West’s Snowpack Shrinks
Frank Gehrke skied out on an unseasonably warm March day to take the final Sierra Nevada snowpack measurements of the season near this mountain pass south of Lake Tahoe -- only to be stopped short by a muddy meadow where usually there would be deep snow.
Something is happening to the snowpack, according to measurements Gehrke has collected for 20 winters as chief of California’s water survey program.
Near-record snows are melting under record-setting early temperatures this year, a harbinger of the Sierra Nevada spring -- and of a trend that is bringing vast changes across the West.
The snow that piles up in the Sierra, Rockies and Cascades forms an immense frozen reservoir that drives western power turbines, waters crops and cattle, and flows hundreds of miles to thirsty lawns and throats in desert cities like Las Vegas, Phoenix and Albuquerque.
Snowmelt provides roughly 70% of the West’s water flow. But the icy trickle is becoming a roar earlier as spring creeps into what used to be winter.
Spring temperatures in the Sierra have increased 2 to 3 degrees since 1950, bringing peak snowmelt two to three weeks earlier. Trees and flowers bud one to three weeks sooner.
Western rivers are seeing their peak runoff five to 10 days sooner than 50 years ago. Glaciers are melting from Alaska through the Cascades and east into Montana. And in the Pacific Northwest, snowpack has dropped by as much as 60% over the last four decades.
The trend is consistent with global warming, scientists say, although they’re less sure of the consequences. The Pacific Northwest could become wetter or drier as weather patterns shift; Northern California could develop the Santa Ana winds that fed Southern California’s record wildfires last fall -- or not.
The uncertainty illustrates that scientists still have too little information to conclude that the trend is more than a regional cycle, said Bonner Cohen, a senior fellow at the National Center for Public Policy Research.
“Lots of things can happen, and right now it’s way beyond what the computer modelers can even pretend to understand,” said Myron Ebell, global warming policy director at the Competitive Enterprise Institute.
Global or not, if the warming trend continues as projected, scientists say it means a smaller snowpack no matter if precipitation increases or diminishes.
More moisture will fall as rain instead of snow, endangering ski resorts as well as alpine meadows that will see encroachment from plants and trees that today grow only at lower elevations.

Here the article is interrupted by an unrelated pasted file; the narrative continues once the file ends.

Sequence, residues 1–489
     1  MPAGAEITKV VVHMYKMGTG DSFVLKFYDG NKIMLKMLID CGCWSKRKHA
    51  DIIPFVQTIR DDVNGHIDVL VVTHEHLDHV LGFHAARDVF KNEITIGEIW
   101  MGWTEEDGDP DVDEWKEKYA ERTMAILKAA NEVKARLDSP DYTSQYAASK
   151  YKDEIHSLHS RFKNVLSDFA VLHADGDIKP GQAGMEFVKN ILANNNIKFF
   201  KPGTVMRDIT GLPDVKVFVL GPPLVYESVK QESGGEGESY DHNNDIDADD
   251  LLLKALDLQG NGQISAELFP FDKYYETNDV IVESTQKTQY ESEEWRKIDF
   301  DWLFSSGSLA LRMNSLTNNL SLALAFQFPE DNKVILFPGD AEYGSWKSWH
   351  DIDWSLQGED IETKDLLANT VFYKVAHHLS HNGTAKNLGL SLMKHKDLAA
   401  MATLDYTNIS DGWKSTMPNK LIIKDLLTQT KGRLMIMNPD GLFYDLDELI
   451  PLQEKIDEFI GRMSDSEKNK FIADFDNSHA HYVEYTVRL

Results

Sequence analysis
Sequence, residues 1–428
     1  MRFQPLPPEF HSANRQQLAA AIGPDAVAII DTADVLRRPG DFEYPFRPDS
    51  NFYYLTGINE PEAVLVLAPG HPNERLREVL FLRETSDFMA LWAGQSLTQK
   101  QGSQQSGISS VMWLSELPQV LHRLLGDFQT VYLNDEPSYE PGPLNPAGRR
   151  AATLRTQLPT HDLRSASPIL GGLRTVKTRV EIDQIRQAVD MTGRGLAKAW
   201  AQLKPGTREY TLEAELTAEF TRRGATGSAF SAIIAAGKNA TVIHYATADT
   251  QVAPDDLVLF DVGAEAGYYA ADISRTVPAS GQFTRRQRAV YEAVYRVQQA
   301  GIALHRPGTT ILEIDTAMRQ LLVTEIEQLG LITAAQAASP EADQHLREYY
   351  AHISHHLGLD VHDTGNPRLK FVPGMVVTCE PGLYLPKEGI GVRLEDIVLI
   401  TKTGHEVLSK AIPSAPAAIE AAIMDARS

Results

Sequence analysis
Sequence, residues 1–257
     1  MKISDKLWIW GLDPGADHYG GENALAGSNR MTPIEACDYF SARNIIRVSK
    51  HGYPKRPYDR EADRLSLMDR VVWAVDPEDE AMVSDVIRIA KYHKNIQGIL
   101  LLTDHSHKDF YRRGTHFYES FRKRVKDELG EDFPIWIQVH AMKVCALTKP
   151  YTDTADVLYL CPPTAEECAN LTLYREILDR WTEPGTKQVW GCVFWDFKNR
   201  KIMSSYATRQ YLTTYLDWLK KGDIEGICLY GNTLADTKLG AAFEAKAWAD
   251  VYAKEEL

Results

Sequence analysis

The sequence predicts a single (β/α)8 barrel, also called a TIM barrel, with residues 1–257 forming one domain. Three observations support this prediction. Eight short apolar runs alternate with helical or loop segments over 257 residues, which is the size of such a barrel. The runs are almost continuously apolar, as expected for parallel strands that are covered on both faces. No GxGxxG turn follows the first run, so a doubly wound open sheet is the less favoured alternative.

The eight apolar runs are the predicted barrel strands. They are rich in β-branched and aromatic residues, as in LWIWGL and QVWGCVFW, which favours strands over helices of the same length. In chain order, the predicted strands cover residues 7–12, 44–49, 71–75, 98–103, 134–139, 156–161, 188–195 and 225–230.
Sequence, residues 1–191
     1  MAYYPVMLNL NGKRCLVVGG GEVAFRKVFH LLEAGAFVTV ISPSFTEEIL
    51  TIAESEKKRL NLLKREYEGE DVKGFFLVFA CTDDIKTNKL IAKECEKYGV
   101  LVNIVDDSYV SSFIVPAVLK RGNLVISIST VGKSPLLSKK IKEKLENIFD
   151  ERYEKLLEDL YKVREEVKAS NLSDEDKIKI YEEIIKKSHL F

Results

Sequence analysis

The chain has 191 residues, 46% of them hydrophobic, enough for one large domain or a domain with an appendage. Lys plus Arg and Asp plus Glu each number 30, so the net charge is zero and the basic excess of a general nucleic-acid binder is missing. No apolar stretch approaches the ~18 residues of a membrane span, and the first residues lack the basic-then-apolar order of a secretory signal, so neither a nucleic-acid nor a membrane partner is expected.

Two studies last year showed the range of many species has moved north at nearly 4 miles per decade over the last century, while spring activities like egg-laying, flower blooming and ending hibernation have come three to five days earlier each decade.
“The elevation of the snowpack keeps creeping up. That affects us quite a bit,” said Scott Armstrong, whose family has operated All-Outdoors Whitewater Rafting for nearly 40 years.
The Pacific Northwest National Laboratory this spring predicted snowpack reductions of up to 70% in the Sierra and Cascade mountains of California, Oregon and Washington. The 400-mile-long Sierra range supplies water to two-thirds of California’s population and much of northern Nevada, irrigates 3 million acres of California farmland, and provides about one-fourth of California’s power.
“There are a lot of places in the Cascades and the Northern Sierra where the average winter temperature is above freezing. It’s those places that have seen 50% to 80% declines, in some places 100% declines,” said Philip Mote, a University of Washington climate researcher.
Climate changes are muted farther inland, where average temperatures are generally colder. But as much as a 30% reduction is predicted for the Rocky Mountains of Colorado and New Mexico over the next 50 years, with snow melting about a month earlier than it does now.
Soot darkens snow and ice, deadening their ability to reflect sunlight, contributing to a near-universal melting and causing as much as a quarter of global warming, the National Aeronautic and Space Administration reported. The process accelerates each spring as soot accumulates on the surface, making the remaining snow darker and speeding the melting cycle.
The economic and social impacts flow downstream along with the earlier snowmelt.
“That’s where the river really meets the road,” Mote said. “Then you’re talking [about] affecting a lot of people’s lives, a lot of people’s livelihoods.”
The changes mean less water flowing down western rivers in the dry summers when it is needed most. The Columbia and Sacramento rivers could be hardest hit because of warmer temperatures there. Runoff into the Sacramento River has dropped 11% over the last century even as needs have grown exponentially in the nation’s most populous state.
A University of Washington study this spring predicted that the Colorado River could see runoff drop 14% to 18%, sparking more water warfare between Southern California and upstream states. But the Colorado’s Rocky Mountain headwaters are colder and the basin has more existing storage capacity to mute the effects.
More spring flooding and longer summer droughts mean pressure for reservoirs to capture more water when it’s available. Dams and reservoirs “are not politically correct to talk about right now both because of cost and ... environmental impact. But there may be a cost to not building reservoirs as well,” said David Kranz of the California Farm Bureau Federation.
Environmentalists say water conservation is the answer, with desalinization and water transfers between regions.
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